Electric vehicles today make up only a minuscule portion of the auto sales market, but according to a recent survey of automotive executives, EVs will make up 52% of the world’s major markets by 2030. The recent announcement by car rental giant Hertz puts the writing on the wall about EVs emerging as the future for the automotive industry.
In late October, Hertz announced an initial order of 100,000 Teslas by the end of 2022, as well as new EV charging infrastructure across the company’s global operations.
The Hertz announcement followed moves by Chrysler, General Motors and Ford committing much of their future production to EVs, expecting as much as half of their fleets to be comprised of EVs within the next 10 years. And that expansion isn’t just for autos, but also for light trucks.
The Ford F-Series, America’s best-selling truck for 44 years, announced the 2022 F-150 Lightning model in May. The F-150 Lightning provides a Ford Intelligent BackUp Power feature that can provide full-home power for up to three days on a fully charged battery, according to the company.
“For both Ford and the American auto industry, F-150 Lightning represents a defining moment as we progress toward a zero-emissions, digitally connected future,” said Bill Ford, executive chair, Ford Motor Company, in a prepared statement. “F-Series is America’s best-selling truck for 44 years, the backbone of work across the country, and a trusted icon for generations of customers. Now we are revolutionizing it for a new generation.”
The company called the F-150 Lightning ‘the pillar of the company’s more than $22 billion global electric vehicle plan to lead electrification in areas of strength.’ Ford is starting with zero-emissions versions of its most popular and best-loved franchises – Mustang, Transit and F-150 – with much more to come in the years ahead, the company promised.
“Electric vehicles are now mainstream, and we’ve only just begun to see rising global demand and interest,” said Hertz interim CEO Mark Fields, in a prepared statement. “The new Hertz is going to lead the way as a mobility company, starting with the largest EV rental fleet in North America and a commitment to grow our EV fleet and provide the best rental and recharging experience for leisure and business customers around the world.”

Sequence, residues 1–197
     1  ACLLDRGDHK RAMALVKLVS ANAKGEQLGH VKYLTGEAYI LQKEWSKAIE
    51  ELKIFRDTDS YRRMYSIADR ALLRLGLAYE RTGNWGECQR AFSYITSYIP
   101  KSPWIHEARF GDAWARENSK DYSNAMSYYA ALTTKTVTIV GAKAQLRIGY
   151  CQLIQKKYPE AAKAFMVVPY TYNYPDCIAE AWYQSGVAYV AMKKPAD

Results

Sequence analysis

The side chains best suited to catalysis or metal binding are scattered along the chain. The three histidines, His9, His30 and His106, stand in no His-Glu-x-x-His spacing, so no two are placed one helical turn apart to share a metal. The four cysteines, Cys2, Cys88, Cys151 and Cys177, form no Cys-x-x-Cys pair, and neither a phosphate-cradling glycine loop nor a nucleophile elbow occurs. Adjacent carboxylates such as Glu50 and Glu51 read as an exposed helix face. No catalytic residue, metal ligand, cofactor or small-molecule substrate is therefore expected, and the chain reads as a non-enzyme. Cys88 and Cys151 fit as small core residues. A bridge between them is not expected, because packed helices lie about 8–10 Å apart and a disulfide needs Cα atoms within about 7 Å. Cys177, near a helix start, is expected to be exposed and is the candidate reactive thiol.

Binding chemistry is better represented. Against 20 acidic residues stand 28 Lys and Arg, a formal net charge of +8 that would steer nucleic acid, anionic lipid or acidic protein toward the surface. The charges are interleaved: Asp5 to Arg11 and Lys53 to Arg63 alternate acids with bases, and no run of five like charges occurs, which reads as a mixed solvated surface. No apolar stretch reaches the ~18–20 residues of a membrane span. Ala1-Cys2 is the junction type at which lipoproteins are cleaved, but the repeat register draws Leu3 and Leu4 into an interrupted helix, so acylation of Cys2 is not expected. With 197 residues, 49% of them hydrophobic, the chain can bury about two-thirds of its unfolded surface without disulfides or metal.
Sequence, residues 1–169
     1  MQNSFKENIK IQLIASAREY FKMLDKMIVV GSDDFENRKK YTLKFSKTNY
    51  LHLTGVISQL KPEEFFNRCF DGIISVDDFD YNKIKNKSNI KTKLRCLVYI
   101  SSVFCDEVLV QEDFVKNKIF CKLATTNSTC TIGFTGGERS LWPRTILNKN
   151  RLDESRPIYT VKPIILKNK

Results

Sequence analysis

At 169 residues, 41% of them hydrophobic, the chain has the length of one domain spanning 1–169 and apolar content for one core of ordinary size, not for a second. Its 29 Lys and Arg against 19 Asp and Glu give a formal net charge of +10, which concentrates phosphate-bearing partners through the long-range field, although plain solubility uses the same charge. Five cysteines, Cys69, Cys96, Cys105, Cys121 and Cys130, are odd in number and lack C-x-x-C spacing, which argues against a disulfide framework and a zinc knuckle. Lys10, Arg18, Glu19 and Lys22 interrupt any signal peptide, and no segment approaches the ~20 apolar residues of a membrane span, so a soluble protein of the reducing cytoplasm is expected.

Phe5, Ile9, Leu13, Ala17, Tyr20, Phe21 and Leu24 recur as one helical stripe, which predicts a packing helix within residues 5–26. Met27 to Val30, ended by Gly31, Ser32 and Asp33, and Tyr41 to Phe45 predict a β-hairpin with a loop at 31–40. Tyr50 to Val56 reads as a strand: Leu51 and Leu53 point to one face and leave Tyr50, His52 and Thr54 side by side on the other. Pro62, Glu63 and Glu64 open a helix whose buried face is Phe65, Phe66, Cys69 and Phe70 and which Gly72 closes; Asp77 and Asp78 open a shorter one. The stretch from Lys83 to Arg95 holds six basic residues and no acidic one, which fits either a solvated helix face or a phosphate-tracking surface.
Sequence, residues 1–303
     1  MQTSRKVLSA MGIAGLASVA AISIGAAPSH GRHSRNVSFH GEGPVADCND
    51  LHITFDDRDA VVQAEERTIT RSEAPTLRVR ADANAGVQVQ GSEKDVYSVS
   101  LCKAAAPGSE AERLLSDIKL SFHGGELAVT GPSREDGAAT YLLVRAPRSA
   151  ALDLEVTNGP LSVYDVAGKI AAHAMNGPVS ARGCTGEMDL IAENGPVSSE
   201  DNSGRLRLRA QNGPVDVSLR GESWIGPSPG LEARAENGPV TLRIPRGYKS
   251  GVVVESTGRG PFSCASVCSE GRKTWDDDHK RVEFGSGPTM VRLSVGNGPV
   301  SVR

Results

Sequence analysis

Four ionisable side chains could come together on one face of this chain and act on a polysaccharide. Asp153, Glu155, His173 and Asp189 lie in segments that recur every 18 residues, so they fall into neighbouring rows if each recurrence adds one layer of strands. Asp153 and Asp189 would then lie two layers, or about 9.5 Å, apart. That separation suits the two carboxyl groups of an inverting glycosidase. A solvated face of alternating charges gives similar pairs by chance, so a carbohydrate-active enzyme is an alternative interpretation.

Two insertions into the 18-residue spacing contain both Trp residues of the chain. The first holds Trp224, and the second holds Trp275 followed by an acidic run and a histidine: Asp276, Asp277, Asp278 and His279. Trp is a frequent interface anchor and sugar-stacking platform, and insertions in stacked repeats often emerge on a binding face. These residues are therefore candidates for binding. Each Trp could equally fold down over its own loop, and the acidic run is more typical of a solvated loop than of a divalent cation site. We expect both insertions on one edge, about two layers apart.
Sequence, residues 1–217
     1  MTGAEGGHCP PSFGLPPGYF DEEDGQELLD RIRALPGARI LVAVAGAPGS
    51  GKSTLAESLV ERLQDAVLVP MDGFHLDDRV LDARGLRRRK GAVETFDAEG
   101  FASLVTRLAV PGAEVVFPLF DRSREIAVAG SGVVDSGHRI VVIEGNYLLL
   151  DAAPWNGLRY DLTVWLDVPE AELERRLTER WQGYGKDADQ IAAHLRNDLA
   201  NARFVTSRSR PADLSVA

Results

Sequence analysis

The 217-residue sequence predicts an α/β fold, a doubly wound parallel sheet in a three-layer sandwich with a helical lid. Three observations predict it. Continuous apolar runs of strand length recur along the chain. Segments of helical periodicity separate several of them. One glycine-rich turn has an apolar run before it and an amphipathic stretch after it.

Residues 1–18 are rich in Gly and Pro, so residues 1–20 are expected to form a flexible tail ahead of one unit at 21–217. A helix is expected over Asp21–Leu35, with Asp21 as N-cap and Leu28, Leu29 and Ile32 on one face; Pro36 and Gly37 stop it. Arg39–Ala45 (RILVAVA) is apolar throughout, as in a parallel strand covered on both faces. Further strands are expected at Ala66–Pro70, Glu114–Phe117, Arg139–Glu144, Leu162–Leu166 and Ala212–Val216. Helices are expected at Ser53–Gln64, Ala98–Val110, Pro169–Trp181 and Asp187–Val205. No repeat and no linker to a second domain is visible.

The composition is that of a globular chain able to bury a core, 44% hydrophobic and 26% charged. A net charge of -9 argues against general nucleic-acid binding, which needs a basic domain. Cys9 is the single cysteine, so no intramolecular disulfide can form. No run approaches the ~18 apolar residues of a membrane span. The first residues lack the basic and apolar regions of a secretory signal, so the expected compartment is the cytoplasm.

Hertz is also installing thousands of chargers throughout its location network. Customers who rent a Tesla Model 3 will have access to 3,000 Tesla supercharging stations throughout the U.S. and Europe.
The addition of the charging stations is perhaps even more important than the announcement of the planned EV purchases. Range anxiety is one of the biggest hurdles EVs face before becoming a more significant portion of the auto and sustainability market.
The top selling EVs fromTesla,Chevy,Ford, and Volkswagen each have a range of about 250 miles – enough for most commutes, and even for short trips – as long as one has enough time to wait the hours it takes to fully recharge the battery.
But extended ranges, which have increased about 15%, and large adoption of charging stations, like the Hertz announcement, will alleviate many of those fears. As the technology evolves the range of the vehicles is bound to increase and reducing charging time is key to enticing consumers to choose a more sustainable option and go electric.
Many believe low US sales result from the lack of variety in model availability. Brian Gu, President of Chinese electric automaker XPeng, states in order to move beyond first adopters, new technology needs to hit 10% of sales. As more EV models hit the market, EV sales will rise.
Price is another factor that keeps some away from EVs today.As gas powered cars are becoming more expensive, the price difference between plug-in models and their conventional counterparts is shrinking.
According to a Pew survey, 39% of U.S. consumers say they are likely to consider an electric vehicle the next time they are in the market for a new vehicle. Even with the US slowly lagging behind, global EV sales grew 200% in the last year.
Even with that kind of growth, EVs will still comprise only a very small share of the market for several years. However, with the commitments from the major automakers, the continued expansion of charging stations, and concerns about CO2 emissions and climate change; there is little question that EVs will represent the future of the automotive industry. The world’s sustainability efforts count on it.